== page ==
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...the church did not object to Columbus' voyage because it thought the earth was flat. That's a myth that has been erroneously believed since Andrew Dickson White, the founder and first president of Cornell University, authored his influential study, "A History of the Warfare of Science with Theology in Christendom" in 1896. The "sundry wise men of Spain" who challenged Columbus did not do so on account of their belief in the earth's flatness, but because they thought Columbus had underestimated the circumference of the earth, which he had. Every educated person in Columbus' day knew the earth was round.
Jeffrey Burton Russel argues that during the first fifteen centuries of the Christian era "nearly unanimous scholarly opinion pronounced the earth spherical, and by the fifteenth century all doubt had disappeared." Sphere by the title of the most popular medieval textbook on astronomy which was written in the thirteenth century, and generations before Columbus' voyage, Cardinal Pierre d'Ailly, chancellor of the University of Paris, wrote, "Although there are mountains and valleys on the earth, for which it is not perfectly round, it approximates very nearly to roundness." Centuries earlier, the Venerable Bede [673-735] taught that the world was round as did Bishop Virgilius of Salzburg [eighth century], Hildegard of Bingen [twelfth century] and Thomas Aquinas [thirteenth century], all of whom are canonized saints.
Excerpt from Why We Love The Church by Kevin DeYoung and Ted Kluck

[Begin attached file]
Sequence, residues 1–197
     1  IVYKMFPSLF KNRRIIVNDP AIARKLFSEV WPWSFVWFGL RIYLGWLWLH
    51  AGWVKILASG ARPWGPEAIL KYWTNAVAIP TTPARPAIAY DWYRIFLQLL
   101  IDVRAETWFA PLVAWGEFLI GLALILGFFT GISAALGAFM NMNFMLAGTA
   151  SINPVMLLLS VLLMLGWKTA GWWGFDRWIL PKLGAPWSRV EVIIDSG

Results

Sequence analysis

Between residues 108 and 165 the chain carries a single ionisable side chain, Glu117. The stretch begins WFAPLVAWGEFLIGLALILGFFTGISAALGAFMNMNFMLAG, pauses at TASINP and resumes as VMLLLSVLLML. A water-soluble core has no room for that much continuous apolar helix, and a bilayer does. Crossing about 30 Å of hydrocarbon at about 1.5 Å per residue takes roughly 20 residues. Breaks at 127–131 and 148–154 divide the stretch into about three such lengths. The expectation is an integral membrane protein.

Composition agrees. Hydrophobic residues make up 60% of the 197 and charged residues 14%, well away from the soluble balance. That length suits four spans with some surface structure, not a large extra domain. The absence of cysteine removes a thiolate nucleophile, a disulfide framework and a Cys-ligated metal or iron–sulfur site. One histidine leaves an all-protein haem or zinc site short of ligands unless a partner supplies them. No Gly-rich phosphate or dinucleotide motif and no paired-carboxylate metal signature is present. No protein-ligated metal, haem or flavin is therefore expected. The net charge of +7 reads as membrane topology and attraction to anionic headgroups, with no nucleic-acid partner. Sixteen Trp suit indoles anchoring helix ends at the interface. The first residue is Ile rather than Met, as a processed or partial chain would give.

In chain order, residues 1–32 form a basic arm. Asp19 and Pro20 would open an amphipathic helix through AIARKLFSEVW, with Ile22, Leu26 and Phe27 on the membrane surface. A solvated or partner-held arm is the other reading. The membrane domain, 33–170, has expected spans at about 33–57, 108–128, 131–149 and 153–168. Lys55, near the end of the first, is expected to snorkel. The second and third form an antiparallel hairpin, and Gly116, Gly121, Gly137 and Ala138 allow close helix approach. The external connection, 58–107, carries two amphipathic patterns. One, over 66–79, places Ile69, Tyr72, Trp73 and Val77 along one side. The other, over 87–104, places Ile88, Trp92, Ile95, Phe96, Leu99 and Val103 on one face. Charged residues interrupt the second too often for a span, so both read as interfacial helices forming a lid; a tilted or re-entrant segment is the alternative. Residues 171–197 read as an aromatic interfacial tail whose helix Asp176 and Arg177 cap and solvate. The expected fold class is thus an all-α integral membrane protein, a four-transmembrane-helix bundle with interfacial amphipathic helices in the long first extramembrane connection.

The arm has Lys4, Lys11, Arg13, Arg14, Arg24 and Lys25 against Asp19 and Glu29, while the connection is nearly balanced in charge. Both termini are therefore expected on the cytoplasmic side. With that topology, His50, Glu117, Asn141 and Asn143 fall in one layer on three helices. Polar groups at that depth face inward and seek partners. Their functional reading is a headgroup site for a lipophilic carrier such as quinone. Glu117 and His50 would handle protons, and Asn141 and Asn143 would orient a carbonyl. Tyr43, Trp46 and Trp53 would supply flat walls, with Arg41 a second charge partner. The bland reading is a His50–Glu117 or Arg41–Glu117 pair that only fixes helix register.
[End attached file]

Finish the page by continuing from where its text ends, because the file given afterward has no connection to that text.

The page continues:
I did not realize that some Christians today are falling for the Flat Earth concept. This is based on Eastern religious ideas and not true Christianity. As you can see from the excerpt above, a spherical earth has been accepted by Christianity for a long time.
If you are serious about the flat earth concept or you know someone who is serious about it, I suggest you watch the video below in its entirety. False information abounds on the Internet - which is the main reason this idea is gaining popularity in certain circles. As Feed Yourself students know, everything needs to be checked out with Scripture in context. This includes taking into consideration the different elements of writing that are used. For example, poetic writing ["trees of the field will clap their hands," Is. 55:1, NASB] and prophetic writing ["four great beasts were coming from the sea," Dan. 7:3, NASB] are not always making literal statements. As always, show Christian love to those who disagree.
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